“They sold property and possessions to give to anyone who had need. Every day they continued to meet together in the temple courts. They broke bread in their homes and ate together with glad and sincere hearts, praising God and enjoying the favour of all the people. And the Lord added to their number daily those who were being saved.” (Acts 2:42-47)

How united they were! Having everything in common! And they were there for each other every day. Do you notice the Bible does not say that the believers had everything in common with regards to their ages or hobbies or social status?

Instead, the verses indicate they had the same interests in the sense that they loved hearing God’s word. They loved praying together. They loved charity. They loved being thankful to God.

If you love doing all that, your conversation topics with those around you in church will never run dry. But it takes effort to intentionally love one another and to adopt the same attitude.

Will you start trying today?

Therefore if you have any encouragement from being united with Christ, if any comfort from his love, if any common sharing in the Spirit, if any tenderness and compassion, then make my joy complete by being like-minded, having the same love, being one in spirit and of one mind.” (Philippians 2:1-2)


Sometimes, God puts you with people who are different from you so as to take you out of your comfort zone. With them, you can learn patience and tolerance and understanding. You can learn to serve others humbly, as you sacrifice your own interests to make way for the interests of others.

You can also learn from the experiences of others, especially older aunties and uncles who have gone through what we are now going through. I’ve seen God’s faithfulness in their lives amidst all the hardships they’ve faced, and that encourages me not to waver in my faith.

I learnt wisdom from the older folk, and how to be more mature (alongside many other things ranging from delicious traditional recipes and practical advice on dealing with unbelieving parents).

And I realised along the way, that I truly enjoyed spending time with them, more than my time spent with my peers on social media or talking about the latest movie.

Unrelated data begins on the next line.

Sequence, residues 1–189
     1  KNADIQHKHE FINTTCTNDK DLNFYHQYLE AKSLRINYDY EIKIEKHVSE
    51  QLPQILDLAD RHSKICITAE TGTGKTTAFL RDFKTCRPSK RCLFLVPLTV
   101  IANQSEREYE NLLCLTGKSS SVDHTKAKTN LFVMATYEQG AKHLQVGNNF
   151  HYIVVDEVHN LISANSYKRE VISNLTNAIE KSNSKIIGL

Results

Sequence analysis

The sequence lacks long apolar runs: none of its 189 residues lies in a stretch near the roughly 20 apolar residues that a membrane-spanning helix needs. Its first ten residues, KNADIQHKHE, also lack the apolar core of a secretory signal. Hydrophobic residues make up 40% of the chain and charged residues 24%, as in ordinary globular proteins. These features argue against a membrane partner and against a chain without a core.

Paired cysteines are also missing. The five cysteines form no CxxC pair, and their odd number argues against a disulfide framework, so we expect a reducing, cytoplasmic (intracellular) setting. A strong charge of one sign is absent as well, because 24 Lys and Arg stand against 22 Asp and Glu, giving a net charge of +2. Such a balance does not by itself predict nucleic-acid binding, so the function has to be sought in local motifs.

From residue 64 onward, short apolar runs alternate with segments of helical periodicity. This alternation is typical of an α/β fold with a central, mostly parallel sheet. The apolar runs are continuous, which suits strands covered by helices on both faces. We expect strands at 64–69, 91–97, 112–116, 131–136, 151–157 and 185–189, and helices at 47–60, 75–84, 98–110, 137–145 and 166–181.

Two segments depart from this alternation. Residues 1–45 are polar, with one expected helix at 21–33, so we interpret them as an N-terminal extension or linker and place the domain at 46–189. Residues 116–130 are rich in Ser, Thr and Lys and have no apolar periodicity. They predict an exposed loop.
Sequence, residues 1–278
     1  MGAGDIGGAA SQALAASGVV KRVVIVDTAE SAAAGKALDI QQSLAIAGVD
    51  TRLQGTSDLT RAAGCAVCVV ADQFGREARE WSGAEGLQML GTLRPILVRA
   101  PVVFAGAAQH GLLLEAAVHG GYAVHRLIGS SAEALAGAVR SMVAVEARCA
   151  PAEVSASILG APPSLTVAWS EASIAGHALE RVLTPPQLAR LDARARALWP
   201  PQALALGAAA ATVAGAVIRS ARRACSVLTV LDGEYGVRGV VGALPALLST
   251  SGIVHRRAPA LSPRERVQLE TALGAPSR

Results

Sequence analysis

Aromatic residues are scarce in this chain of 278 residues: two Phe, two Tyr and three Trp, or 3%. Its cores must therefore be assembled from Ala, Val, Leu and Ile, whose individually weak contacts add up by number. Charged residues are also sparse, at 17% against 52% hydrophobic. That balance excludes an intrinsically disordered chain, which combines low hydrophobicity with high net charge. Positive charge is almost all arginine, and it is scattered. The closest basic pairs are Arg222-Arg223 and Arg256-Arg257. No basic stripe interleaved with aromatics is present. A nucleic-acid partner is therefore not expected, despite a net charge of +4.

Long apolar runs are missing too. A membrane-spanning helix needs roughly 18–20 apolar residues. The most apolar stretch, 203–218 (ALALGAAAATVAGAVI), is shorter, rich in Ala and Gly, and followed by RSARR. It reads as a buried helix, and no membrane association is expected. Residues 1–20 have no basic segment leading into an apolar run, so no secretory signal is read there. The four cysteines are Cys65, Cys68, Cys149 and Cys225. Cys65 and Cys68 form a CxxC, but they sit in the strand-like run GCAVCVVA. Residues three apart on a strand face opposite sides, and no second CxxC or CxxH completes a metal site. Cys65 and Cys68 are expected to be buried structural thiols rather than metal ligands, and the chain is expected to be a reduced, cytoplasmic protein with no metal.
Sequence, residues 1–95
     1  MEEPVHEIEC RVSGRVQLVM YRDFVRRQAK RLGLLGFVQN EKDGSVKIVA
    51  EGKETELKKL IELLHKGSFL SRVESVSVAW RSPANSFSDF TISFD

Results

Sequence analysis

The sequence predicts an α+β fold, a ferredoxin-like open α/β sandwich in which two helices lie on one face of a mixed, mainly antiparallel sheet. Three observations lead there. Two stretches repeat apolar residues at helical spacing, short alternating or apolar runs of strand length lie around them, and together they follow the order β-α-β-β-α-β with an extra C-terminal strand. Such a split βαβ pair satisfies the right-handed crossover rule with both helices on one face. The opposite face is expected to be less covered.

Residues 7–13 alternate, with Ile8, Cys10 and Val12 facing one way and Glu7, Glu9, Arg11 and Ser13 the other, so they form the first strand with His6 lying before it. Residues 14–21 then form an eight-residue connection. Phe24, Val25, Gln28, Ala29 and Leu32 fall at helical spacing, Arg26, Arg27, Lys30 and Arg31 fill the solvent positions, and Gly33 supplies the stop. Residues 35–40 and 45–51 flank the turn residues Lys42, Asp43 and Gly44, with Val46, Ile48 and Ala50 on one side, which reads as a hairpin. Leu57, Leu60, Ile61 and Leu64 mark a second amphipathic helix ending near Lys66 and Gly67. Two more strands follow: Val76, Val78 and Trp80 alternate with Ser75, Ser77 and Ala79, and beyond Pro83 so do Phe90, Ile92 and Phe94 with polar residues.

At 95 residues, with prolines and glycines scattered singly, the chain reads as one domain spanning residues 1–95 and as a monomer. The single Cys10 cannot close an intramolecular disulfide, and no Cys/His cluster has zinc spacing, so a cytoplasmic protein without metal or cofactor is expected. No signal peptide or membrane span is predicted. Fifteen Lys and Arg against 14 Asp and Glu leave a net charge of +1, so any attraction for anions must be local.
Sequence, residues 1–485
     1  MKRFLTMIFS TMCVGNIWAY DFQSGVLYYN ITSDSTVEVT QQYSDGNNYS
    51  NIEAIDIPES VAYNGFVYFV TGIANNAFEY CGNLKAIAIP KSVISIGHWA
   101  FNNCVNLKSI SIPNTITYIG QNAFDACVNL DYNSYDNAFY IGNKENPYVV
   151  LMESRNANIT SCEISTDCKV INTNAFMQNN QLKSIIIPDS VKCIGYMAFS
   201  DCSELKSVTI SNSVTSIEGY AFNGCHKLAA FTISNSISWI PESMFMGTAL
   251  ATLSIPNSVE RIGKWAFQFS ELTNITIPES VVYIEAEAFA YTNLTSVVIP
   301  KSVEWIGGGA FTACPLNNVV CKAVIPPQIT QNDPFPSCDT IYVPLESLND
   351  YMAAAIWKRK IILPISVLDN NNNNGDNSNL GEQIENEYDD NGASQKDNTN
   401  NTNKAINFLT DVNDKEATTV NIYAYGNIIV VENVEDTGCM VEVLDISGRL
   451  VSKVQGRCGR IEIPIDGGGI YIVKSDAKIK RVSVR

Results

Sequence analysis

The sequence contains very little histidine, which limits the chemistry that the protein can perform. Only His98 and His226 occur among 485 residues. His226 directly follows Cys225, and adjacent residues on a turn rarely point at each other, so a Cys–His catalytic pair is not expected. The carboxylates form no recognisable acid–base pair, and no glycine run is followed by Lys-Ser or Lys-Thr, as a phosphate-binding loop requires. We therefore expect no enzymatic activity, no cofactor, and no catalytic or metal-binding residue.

“Run from anything that stimulates youthful lusts. Instead, pursue righteous living, faithfulness, love, and peace. Enjoy the companionship of those who call on the Lord with pure hearts.” (2 Timothy 2:22)


Other young people are attracted to come to church not primarily because the church has other young people they can relate to, but because they are attracted to Jesus. And in Jesus’ own words, they can see God’s love only through the love you and your church members show to each other.

It is this unity that attracts pre-believers to this family too.

By this everyone will know that you are my disciples, if you love one another.” (John 13:35)

Yes, maybe my church crowd can’t completely understand the stresses I face at school. But I have always felt their love for me. I know they love and care for me, even when I wasn’t easy to love or care for.

They’ve accepted me for who I am, and vice versa. And that has given me strength to get through week after draining week.
Look around you in church and you will see there is no lack of people who need love.

My prayer is not for them alone. I pray also for those who will believe in me through their message, that all of them may be one, Father, just as you are in me and I am in you. May they also be in us so that the world may believe that you have sent me.

“I have given them the glory that you gave me, that they may be one as we are one— I in them and you in me—so that they may be brought to complete unity. Then the world will know that you sent me and have loved them even as you have loved me.” (John 17:20-23)

This is a submission from a participant of our Greater Love Giveaway. From now till the end of March 2018, we are giving away a pack of limited edition “Greater Love” Stickers in exchange for every story. Stories must have a personal/local angle and be of 800-1000 words. Send us yours here.